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February 23, 2020

Jamie Taylor/river news

Organizer Shawn Will gives the cityís parks, buildings and grounds committee a report on the Lights of the Northwoods preview event held last week at Rhinelanderís Hodag Park.
Jamie Taylor/river news

Organizer Shawn Will gives the cityís parks, buildings and grounds committee a report on the Lights of the Northwoods preview event held last week at Rhinelanderís Hodag Park.
12/21/2017 7:29:00 AM
'Lights of Northwoods' event exceeds expectations
Limited version will remain open through Dec. 31

Jamie Taylor
River News Reporter

Based on the reaction of the organizers, city officials and the public, the Lights of the Northwoods preview event held last Thursday through Sunday far exceeded expectations. In fact, the holiday light display has been so popular that the organizers asked the city's parks buildings and grounds committee Monday for permission to keep part of the display lit until Dec. 31.

The committee quickly offered its approval.

Committee chair Sherrie Belliveau said the question of extending at least a portion of the event through the end of the month was first raised at the ribbon cutting ceremony Thursday evening. She said she talked to parks director Jeremy Biolo about the electricity needed to keep the display illuminated.

"I did some fuzzy math and the electricity cost would be about $126 through that period," Belliveau said.

Event organizer Shawn Will, who worked with a subgroup of the Rhinelander Lions Club to bring the light display to Hodag Park, said this would allow for all of the hanging lights to remain lit, however the ground displays will be removed since there are not enough volunteers to man and safeguard them through the end of the month.

As this event continues to grow, Belliveau said she's unsure how much monetary support the city will be able to give the initiative. "But we would probably be able to cover that bill (for this year) for you, if it passes at committee," she said.

Will thanked the city officials for all the help the city has provided since the idea was first suggested by Catherine Joppa in August 2016 as a way to generate food and cash donations for the Rhinelander Area Food Pantry.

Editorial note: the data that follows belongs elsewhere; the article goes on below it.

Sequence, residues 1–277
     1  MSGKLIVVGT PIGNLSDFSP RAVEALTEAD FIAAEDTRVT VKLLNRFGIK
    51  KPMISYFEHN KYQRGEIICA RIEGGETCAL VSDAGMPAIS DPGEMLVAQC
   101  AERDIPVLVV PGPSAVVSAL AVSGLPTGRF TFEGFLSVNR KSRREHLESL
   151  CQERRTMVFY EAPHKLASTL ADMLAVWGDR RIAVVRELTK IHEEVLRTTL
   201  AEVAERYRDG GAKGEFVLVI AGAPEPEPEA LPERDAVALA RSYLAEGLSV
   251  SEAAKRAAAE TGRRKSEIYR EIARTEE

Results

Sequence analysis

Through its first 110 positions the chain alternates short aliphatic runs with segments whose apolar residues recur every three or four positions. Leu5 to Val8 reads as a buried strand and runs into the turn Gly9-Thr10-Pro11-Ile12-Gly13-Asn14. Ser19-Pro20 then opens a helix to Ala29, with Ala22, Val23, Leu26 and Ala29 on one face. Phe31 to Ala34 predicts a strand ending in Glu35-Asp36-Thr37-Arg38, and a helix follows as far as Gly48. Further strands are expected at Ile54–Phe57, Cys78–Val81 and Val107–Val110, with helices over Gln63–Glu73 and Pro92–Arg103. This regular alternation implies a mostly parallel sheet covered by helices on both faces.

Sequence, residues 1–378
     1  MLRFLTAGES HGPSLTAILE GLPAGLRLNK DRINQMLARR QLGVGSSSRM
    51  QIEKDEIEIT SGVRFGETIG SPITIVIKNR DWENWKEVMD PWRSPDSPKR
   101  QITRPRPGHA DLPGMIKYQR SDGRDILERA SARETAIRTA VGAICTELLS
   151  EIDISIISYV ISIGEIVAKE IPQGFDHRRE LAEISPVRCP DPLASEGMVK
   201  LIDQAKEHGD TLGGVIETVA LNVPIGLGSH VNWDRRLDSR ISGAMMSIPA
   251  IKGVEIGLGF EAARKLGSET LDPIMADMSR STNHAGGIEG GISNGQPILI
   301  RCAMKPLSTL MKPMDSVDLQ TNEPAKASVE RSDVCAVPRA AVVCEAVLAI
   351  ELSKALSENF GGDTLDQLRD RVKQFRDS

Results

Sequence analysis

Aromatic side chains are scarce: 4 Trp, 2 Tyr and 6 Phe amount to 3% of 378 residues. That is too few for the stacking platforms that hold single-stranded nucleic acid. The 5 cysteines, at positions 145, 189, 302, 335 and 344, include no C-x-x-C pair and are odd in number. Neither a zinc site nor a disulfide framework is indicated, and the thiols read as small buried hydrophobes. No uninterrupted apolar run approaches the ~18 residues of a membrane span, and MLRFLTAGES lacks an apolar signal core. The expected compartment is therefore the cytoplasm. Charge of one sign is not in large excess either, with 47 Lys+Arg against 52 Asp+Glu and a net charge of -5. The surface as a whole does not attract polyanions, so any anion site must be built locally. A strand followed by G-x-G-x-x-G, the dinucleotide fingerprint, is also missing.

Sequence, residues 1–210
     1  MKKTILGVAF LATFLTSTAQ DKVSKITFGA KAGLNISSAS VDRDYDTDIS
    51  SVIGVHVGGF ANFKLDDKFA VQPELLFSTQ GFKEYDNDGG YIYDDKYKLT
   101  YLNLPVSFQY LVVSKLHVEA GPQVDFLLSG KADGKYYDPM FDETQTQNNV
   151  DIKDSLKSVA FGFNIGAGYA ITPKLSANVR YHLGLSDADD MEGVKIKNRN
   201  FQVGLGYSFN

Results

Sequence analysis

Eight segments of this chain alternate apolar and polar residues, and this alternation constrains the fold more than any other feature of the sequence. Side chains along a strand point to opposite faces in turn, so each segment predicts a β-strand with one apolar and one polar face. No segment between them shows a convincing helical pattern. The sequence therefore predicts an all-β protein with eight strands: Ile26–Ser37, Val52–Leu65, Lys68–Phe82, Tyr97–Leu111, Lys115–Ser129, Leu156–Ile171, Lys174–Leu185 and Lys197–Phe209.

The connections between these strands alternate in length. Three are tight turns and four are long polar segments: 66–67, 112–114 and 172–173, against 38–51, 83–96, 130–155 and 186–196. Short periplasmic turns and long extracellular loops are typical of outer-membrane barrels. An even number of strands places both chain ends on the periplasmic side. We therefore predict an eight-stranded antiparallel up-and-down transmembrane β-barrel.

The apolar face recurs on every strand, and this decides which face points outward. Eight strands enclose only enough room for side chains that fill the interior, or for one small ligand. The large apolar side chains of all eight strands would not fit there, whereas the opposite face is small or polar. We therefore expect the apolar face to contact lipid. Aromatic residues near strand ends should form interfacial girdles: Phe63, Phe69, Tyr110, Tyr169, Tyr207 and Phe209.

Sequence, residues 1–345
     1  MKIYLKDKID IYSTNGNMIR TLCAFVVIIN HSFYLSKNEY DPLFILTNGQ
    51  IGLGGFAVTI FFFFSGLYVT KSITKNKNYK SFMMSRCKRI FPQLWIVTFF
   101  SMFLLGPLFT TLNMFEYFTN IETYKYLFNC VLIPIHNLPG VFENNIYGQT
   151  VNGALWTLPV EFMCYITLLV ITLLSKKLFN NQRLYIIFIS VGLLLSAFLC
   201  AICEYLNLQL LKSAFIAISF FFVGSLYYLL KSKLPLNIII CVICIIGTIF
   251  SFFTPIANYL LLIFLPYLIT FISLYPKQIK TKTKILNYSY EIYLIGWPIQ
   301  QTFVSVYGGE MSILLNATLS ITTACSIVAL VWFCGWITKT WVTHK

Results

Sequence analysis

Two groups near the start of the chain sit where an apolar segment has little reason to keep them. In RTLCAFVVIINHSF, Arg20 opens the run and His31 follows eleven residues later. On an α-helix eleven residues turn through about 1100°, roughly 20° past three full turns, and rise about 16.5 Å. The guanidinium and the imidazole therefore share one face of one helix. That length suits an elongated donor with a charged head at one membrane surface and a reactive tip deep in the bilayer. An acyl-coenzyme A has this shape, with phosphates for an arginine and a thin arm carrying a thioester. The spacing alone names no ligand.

"You guys have been phenomenal for us in everything that you have done," Will said. "Compliments have been coming in hand over fist. There have been some discussions about the congestion, and we did adapt to the traffic pattern a little bit, and demand increased itself after we adapted, so we tried to deal with that."

During the four days the full display was lit, there were no major complaints or injury reports from visitors or volunteers, he added.

"We did hear that there was an emergency call during the event, but because of the parallel roads it didn't cause any disruption to the fire service or anything like that," he said.

Early Sunday morning, Will posted on the event's Facebook page that 3,063 pounds of donated food had been collected and organizers hoped to top out at over 4,000 after that night.

"I'm glad to say that we did do that as we delivered 4,178 pounds of food to the food pantry this morning for a final total," Will said.

The estimated attendance, from a vehicle count and allowing for four-people per vehicle, was about 14,800, he added.

"Some of them (visited) multiple times," he said. "Some of them (came) from as far away as Montana. We did have a lot of people who came from Marshfield, Wausau, down south, and a couple people from up in Ishpeming and Hancock. So we did draw some people into the area who probably wouldn't have come without the event."

Will said the organizers have heard "a very loud cry" from people to extend the lights through the holiday season this year.

"We're not asking for a full light display and we're not asking to block Thayer up to Moonlighting (tavern) or all the way to Trig's for the next week," Will said.

He explained there is a lot of money invested in the animated displays and those would be removed, as would the island and walking path that had rope lighting so that the street through the park could be plowed in the event of snow.

"The displays will be down but the trees would still be lit," he said. "I will take personal responsibility here through the first of the year, if approved, to go down there and turn them on at 5 o'clock and turn them off at 9 o'clock each night, Will said.